there were in the United States last year? There is more than in

:23:27.:23:33.

Britain. You have about 8,500. There were 550 murders all up in

:23:34.:23:39.

Britain last year? The murder rate for Britain compared to the United

:23:39.:23:42.

States was lower before you had gun control laws. That is true in other

:23:42.:23:46.

countries. When you have gun control, murder rates go up. There

:23:46.:23:51.

are lots of reasons why murder rates vary across countries.

:23:51.:23:55.

this argument it would have been a good thing had the headteacher and

:23:55.:23:59.

the teachers at that school, where this awful tragedy happened last

:23:59.:24:04.

Friday, had they been armed, it would have been better, would it?

:24:04.:24:10.

think so. Look, there is one phenomenon we see here, all the

:24:10.:24:13.

multiple victim public shootings in the United States, since at least

:24:13.:24:17.

1950, with one exception, and all the multiple victim public

:24:17.:24:20.

shootings in Europe, even in Switzerland, have all he occurred

:24:21.:24:25.

where guns are banned. In Switzerland it is very easy to get,

:24:25.:24:30.

carry a concealed handgun, half the time you don't need a permit, the

:24:30.:24:34.

other half it is easy to get a permit. There is a couple of big

:24:34.:24:40.

multiple shooting victims in Switzerland. Each has occurred,

:24:40.:24:43.

where tiny areas where guns aren't aed load. One example from the

:24:43.:24:49.

United States. This is just like all the others, in, we had the

:24:49.:24:52.

Aurora movie theatre shooting in July. There were seven movie

:24:52.:24:56.

theatres within a 20-minute drive of the killer's apartment, only one

:24:56.:24:59.

banned guns. The killer didn't go to the movie theatre that was

:24:59.:25:03.

closest to his home, he didn't go to the largest one, there was one

:25:03.:25:09.

movie theatre that brags about having the largest auditoriums in

:25:09.:25:14.

the state. Instead he went to the single movie theatre that banned

:25:14.:25:17.

concealed handguns, and prevented people from defending themselves.

:25:17.:25:22.

The simple way to think about this, God forbid, some violent criminal

:25:22.:25:26.

was threatening you and your family, would you feel safer putting a sign

:25:26.:25:32.

in your front yard saying this home is a gun-free zone. Would that stop

:25:32.:25:34.

the criminal attacking you there. Nobody would do that. Would you put

:25:34.:25:39.

a sign like that in front of your home. Thank you.

:25:39.:25:48.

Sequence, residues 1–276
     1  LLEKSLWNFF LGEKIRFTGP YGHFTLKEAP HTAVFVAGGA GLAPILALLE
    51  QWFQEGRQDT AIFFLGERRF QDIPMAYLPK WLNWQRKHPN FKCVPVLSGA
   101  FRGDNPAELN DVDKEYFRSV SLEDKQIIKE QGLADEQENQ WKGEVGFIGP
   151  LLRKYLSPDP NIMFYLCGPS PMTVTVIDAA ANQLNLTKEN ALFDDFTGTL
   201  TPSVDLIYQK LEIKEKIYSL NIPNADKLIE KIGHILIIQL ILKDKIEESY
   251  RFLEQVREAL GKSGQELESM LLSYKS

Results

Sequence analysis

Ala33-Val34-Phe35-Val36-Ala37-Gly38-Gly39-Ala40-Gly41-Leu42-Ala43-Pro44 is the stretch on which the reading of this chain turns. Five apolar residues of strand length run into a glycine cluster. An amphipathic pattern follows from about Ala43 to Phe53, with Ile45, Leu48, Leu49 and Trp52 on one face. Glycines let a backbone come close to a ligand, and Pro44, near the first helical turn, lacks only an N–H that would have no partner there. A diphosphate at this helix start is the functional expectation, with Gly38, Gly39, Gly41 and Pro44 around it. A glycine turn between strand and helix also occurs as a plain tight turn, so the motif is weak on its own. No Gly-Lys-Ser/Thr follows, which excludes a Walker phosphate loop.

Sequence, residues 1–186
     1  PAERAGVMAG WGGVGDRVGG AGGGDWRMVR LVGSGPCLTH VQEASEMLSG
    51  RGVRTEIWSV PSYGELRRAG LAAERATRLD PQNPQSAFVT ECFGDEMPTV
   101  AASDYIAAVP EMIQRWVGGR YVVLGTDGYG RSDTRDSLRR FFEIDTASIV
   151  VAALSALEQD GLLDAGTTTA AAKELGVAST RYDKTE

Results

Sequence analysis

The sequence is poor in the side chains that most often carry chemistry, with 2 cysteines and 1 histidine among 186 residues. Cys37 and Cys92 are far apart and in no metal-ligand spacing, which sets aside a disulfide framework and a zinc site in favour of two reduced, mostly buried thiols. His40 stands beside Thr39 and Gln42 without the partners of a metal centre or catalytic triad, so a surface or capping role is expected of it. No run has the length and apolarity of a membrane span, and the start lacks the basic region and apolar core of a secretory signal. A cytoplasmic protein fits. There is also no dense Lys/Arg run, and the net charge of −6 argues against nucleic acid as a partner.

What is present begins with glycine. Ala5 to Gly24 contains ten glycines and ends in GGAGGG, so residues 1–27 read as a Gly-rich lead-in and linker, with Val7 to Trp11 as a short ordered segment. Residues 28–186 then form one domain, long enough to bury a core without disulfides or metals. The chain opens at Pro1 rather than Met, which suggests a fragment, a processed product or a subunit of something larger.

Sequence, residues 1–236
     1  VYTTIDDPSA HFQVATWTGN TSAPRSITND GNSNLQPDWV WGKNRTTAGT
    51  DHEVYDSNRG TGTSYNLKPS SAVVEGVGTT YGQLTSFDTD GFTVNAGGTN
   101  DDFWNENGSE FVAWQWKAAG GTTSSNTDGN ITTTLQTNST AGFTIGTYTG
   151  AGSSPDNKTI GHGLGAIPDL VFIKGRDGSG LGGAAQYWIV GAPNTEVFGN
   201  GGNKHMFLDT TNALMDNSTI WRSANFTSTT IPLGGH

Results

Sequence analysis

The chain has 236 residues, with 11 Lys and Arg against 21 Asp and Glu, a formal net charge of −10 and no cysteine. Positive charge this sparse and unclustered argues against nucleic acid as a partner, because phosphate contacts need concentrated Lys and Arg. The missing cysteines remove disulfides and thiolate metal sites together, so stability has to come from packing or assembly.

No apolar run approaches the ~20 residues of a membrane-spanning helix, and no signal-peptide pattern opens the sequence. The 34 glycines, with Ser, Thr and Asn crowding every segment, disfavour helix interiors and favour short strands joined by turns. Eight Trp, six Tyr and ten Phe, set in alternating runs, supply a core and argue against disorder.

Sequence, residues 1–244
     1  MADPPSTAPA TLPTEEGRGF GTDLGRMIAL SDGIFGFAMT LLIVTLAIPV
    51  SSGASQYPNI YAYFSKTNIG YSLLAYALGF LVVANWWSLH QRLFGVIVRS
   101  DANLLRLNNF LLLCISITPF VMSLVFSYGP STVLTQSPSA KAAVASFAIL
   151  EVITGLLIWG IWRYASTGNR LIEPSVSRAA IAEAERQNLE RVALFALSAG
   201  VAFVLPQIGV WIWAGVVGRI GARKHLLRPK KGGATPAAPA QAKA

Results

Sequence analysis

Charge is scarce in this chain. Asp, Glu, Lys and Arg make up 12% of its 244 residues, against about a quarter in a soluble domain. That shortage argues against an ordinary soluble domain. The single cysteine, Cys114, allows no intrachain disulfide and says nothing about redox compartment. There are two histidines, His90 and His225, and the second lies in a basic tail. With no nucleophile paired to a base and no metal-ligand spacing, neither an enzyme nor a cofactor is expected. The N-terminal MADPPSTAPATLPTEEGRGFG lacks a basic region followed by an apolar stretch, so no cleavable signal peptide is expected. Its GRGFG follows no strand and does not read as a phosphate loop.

Now Lionel Schriver wrote the novel We Need To Talk About Kevin, about

:25:48.:25:52.

massacre in a school. Can we talk about this. You were born in the

:25:52.:25:57.

states, you are about to take British citizenship? Definitely.

:25:57.:26:01.

you continue your self-improvement. With more stories like this,

:26:01.:26:05.

definitely. Do you understand why the gun has got this special place

:26:05.:26:15.
:26:15.:26:16.

in American culture? It runs very deep in the history. I had to

:26:16.:26:21.

memorise part of the declaration of independence in junior high school,

:26:21.:26:26.

most importantly that bit about how the state governs at the consent of

:26:26.:26:33.

the governed, and it is up to the governed, to consent or withdraw it.

:26:33.:26:36.

And abolish the Government and start another one. The first time

:26:36.:26:43.

we did that, we did that violently. Schoolchildren learn this, that if

:26:43.:26:47.

you don't like your Government, you essentially have the right, the

:26:47.:26:53.

moral right to overthrow it. I don't think it is an exaggeration

:26:53.:26:57.

to say there is an element of the the gun right's lobby that really

:26:57.:27:02.

has to do with, in the back of their minds, if push comes to shove,

:27:02.:27:09.

we should be able to overthrow the Government by force. But this is a

:27:09.:27:12.

mature, stable democracy, there is no chance of the state being

:27:12.:27:15.

overthrown? Of course not, it is a fantasy. That is one of the things

:27:15.:27:22.

that is a little odd about it. I mean, there have been occasions

:27:22.:27:26.

where citizens tried to withdraw their consent, and it didn't work

:27:26.:27:36.
:27:36.:27:38.

out very well. Look at Wacko, Timothy McVai, killed by lethal in-

:27:38.:27:41.

- McVeigh, killed by lethal injection, it is an absurdty. There

:27:41.:27:46.

is an element in the United States that is very uncomfortable with the

:27:46.:27:49.

states, suspicious, and even hostile. And feels that rather than

:27:49.:27:58.

the state needing to have that classic monopoly on violence, that

:27:58.:28:01.

that the citizen needs to be armed to counter balance the power of the

:28:01.:28:06.

state. When you hear an argument like the one we have just heard

:28:06.:28:13.

there, put pretty cogently by that fella in Philadelphia, about people

:28:13.:28:16.

protecting themselves, do you understand that? Yes, I do. I

:28:17.:28:19.

understand the primitive need to defend yourself, especially in the

:28:19.:28:25.

country where lots of other people have guns. It does compound itself.

:28:25.:28:28.

If many other people in your surround are armed, then you feel

:28:28.:28:35.

like a fool not to be. Is there something uniquely man nef lent